FERC on Oct. 31 granted most of Transource Missouri‘s requested Order 679 incentives for the $65m Iatan to Nashua and the $380m Sibley to Nebraska City projects.
“We find that Transource Missouri has sufficiently demonstrated a nexus between the considerable risks and challenges it is undertaking to develop and construct the projects and the incentives it has requested,” FERC said in the order.
On Aug. 31, the company, a subsidiary of Transource Energy, a joint venture between American Electric Power (NYSE:AEP) and Great Plains Energy (NYSE:GXP), requested 100% recovery of construction work in progress (CWIP); recovery of all prudently incurred costs and authorization to establish regulatory assets; use of a hypothetical capital structure; abandonment recovery costs; ROE adders; and authorization to change the base return on equity (ROE) in the formula rate pursuant to Section 205 of the Federal Power Act (FPA).
With the exception of Transource Missouri’s request to make future single-issue FPA Section 205 filings to adjust the base ROE in the formula rate, FERC conditionally granted each of these incentives.
The commission ordered a hearing on Transource Missouri’s requested formula rate, which it said has not been shown to be just and reasonable and may be unjust and unreasonable.
Transource Missouri requested to include a base ROE of 10.6%, which would yield an overall base ROE plus adder of 11.1% for Iatan to Nashua and 12.1% for Sibley-Nebraska City.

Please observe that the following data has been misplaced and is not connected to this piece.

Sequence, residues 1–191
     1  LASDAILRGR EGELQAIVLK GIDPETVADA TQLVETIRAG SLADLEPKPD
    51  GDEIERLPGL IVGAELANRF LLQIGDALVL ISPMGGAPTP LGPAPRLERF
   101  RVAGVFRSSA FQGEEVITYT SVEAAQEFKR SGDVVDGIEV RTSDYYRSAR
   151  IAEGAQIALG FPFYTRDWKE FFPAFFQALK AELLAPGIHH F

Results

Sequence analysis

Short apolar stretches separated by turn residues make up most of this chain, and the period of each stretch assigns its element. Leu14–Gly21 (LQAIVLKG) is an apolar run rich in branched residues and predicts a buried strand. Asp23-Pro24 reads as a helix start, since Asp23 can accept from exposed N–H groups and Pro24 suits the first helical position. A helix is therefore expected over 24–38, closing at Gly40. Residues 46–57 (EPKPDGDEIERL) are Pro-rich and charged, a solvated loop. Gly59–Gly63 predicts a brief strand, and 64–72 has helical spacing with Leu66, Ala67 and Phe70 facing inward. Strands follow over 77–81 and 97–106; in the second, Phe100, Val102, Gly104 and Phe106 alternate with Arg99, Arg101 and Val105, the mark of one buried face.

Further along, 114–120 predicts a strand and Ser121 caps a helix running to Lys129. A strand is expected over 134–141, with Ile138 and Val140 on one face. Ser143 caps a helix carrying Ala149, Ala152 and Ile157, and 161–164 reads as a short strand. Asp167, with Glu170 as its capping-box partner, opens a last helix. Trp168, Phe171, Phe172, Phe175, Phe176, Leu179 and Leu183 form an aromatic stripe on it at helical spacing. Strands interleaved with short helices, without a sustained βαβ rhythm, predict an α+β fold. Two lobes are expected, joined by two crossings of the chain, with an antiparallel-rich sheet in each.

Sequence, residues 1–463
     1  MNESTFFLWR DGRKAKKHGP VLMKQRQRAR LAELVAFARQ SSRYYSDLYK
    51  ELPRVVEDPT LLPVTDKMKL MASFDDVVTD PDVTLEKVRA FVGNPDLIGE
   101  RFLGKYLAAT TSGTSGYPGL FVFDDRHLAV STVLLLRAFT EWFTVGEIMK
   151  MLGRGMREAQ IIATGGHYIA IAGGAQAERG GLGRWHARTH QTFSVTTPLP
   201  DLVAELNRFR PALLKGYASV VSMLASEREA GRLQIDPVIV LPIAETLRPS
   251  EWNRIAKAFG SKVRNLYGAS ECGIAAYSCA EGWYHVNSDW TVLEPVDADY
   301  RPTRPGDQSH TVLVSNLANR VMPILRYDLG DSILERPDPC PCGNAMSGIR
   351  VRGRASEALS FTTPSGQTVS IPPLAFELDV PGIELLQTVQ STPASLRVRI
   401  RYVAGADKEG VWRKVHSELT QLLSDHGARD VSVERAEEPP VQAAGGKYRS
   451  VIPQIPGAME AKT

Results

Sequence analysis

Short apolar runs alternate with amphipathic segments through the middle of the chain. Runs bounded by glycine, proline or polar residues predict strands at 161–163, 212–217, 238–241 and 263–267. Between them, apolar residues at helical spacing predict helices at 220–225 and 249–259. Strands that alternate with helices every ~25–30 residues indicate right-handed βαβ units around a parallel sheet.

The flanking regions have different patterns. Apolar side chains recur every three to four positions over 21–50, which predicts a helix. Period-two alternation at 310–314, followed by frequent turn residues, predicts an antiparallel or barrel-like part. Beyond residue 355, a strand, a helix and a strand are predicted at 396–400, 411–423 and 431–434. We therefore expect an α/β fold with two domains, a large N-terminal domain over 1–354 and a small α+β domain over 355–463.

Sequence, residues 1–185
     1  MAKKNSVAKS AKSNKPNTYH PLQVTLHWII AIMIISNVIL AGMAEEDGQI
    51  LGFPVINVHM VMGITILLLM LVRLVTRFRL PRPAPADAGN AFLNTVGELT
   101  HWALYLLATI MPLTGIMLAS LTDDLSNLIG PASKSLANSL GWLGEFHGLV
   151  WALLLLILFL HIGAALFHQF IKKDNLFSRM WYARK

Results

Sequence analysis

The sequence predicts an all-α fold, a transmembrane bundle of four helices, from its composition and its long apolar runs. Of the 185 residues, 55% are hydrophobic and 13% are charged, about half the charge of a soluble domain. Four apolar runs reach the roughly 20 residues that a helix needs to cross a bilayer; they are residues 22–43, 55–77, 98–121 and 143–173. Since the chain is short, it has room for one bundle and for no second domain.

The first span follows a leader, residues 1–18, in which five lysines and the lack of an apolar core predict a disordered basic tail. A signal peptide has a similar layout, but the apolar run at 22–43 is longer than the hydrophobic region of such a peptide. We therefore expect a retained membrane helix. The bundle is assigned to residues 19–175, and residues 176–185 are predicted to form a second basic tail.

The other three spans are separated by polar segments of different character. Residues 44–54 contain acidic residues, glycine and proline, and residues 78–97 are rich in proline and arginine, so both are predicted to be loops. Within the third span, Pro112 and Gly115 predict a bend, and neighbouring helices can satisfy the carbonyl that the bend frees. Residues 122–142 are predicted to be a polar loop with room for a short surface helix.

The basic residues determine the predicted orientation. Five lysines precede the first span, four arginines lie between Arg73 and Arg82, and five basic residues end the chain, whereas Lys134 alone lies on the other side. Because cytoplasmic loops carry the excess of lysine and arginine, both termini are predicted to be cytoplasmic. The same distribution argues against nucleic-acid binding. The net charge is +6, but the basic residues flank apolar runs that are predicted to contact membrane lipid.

In rejecting Transource Missouri’s single-issue incentive, FERC said that single-issue ratemaking is predicated on a transmission utility receiving cost recovery through existing rates and proposing such ratemaking to address all rate issues for a project without opening existing rates, rather than to address a specific rate component like the ROE.
“Here, Transource Missouri has no existing assets or rates, and therefore, the single-issue ratemaking contemplated by Order No. 679 does not apply,” FERC said.
Rejecting the single-issue incentive does not preclude the company from making a Section 205 filing to change its formula rate inputs, including base ROE, FERC noted.
Transource requested a 50-basis point ROE adder for RTO participation for the Iatan to Nashua project and a 100-basis point ROE adder for RTO participation for the Sibley to Nebraska City project. FERC granted the 50-basis point adder on the condition that the company take all necessary steps to turn over operational control of the project to the Southwest Power Pool (SPP) and that it become a transmission-owning member of SPP.
FERC granted the 100-point adder for Sibley to Nebraska City.
“The Sibley-Nebraska City project faces numerous risks and challenges, including the construction challenges associated with two crossings of the Missouri River and obtaining rights-of-way in two states without the benefits of state siting processes,” FERC said. “In addition, the project is planned to extend 170 miles, cost $380m, facilitate the integration of approximately 3,000-5,000 MW of wind energy and non-renewable generation, alleviate congestion at two of the most congested flowgates on the SPP system, and increase power transfer capability between Kansas and Nebraska, as well as between the SPP and MISO regions. Moreover, … the project has a long lead time and its final route is still uncertain, which increases the associated risks. … In light of the specific risk and challenges associated with this project, we find that the requested ROE adder is just and reasonable.”